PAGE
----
Labor organizer Đỗ Thị Minh Hạnh’s home in Di Linh, Lâm Đồng Province, has been repeatedly terrorized by dozens of masked assailants hurling rocks and explosives.
Daughter of a former RVN fighter pilot, Minh Hạnh (born 1985) is a founding member of the United-Workers Farmers Organization, an agricultural workers’ union whose leaders were handed down five years sentences in 2006 for “abusing democratic freedoms to infringe upon the interests of the state”. In addition, she has organized with the mutual aid society Dân Oan [unjustly wronged], which advocates and organizes victims of party-state land grabs, and is the founder and chairwoman of Viet Labor Movement, an independent, illegal, labor organization whose leading members have most recently been repressed in conjunction with the unrest among Catholic communities devastated by the Formosa chemical spills in 2016. One prominent Viet Labor activist, Hoàng Đức Bình, is currently serving a 14 year sentence for his organizing against the spill.
Besides labor organizing, Minh Hạnh was a prominent opponent to the Chinese invested bauxite mines near her hometown, where she first attracted state scrutiny for secretly photographing the strictly off-limits site, posting the pictures online, and accusing the government of “selling out the country” [bán nước] to the Chinese.
In 2010 she was arrested for inciting Mekong shoe-factory workers to strike for better pay and improved working conditions. In a closed proceeding without legal counsel, Minh Hạnh was given a seven year sentence, of which she served four before being released.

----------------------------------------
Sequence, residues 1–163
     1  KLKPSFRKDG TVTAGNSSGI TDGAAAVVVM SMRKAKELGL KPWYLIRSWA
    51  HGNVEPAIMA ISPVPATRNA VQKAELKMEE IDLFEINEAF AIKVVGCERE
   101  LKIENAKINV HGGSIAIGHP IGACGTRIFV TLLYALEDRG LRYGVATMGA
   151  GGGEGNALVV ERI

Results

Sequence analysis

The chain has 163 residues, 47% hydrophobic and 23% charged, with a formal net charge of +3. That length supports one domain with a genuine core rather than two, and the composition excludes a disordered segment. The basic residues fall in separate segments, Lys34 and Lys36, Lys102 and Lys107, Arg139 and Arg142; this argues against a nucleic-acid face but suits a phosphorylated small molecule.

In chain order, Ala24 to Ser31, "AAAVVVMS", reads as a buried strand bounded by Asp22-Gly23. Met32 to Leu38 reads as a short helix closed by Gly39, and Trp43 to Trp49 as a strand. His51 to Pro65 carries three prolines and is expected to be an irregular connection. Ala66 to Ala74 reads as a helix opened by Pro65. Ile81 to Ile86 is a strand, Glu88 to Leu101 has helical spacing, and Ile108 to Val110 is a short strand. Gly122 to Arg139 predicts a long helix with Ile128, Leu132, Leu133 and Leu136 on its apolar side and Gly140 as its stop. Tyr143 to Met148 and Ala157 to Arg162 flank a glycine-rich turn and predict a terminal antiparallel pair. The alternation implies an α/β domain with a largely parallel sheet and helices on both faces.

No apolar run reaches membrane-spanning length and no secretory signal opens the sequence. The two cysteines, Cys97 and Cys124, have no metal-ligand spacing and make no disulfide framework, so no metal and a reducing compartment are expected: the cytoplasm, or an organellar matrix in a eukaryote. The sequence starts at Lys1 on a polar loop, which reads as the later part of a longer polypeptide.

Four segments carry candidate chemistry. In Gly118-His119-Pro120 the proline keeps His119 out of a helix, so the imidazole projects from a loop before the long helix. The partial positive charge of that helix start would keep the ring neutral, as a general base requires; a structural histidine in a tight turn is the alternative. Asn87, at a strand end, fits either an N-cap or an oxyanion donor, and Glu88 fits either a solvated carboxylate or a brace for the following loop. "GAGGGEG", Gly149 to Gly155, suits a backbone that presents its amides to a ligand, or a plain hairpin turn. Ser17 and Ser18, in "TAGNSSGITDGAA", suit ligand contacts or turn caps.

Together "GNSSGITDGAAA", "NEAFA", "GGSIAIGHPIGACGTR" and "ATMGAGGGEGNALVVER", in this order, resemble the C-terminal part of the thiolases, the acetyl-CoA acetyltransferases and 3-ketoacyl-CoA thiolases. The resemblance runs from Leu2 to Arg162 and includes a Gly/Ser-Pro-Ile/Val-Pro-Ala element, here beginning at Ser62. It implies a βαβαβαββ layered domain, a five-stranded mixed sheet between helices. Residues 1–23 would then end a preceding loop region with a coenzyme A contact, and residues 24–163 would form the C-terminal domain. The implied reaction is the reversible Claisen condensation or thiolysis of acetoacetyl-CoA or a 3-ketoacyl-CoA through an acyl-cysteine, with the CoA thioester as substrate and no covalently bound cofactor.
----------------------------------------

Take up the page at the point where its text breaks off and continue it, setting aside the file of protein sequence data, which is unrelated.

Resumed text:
This renewed police harassment may be part of a crackdown on activist in the wake of the recent anti-China, anti-SEZ, anti-Cyber Security Law protests on the weekend of June 12th, which saw large peaceful marches overtake the major urban centers, weeklong strikes in major Ho Chi Minh City-area factories, and a full blown rebellion rout the local government in Bình Thuận province.
This past May 16th, despite having all the necessary documents in order, Minh Hạnh was prevented from boarding a plane to Germany. She was kicked out of Ho Chi Minh City, and forced to move in with her father in Di Linh, Lâm Đồng, where she has been held under constant surveillance.
On June 24th, while returning to her house on motorbike, she was attacked by six men who followed her home and bombarded her house with rocks.
At 11:00pm on June 26th, her house was suddenly attacked with, rocks, gasoline bombs, and what appears to be high-explosives. Thankfully, the latter had a faulty fuse.
The next morning, after paying her a visit, a friend was attacked by “a dozen thugs” and is currently hospitalized.
It’s unclear how, or if, these attacks are related to the recent anti-China protests, or what Minh Hạnh and Vietlabor’s role in those protests could have been. With such heightened state security, it seems unlikely that the organization could have had a hand in the recent anti-SEZ factory strikes, which appear to be spontaneous in comparison to the anti-China factory riots of 2014.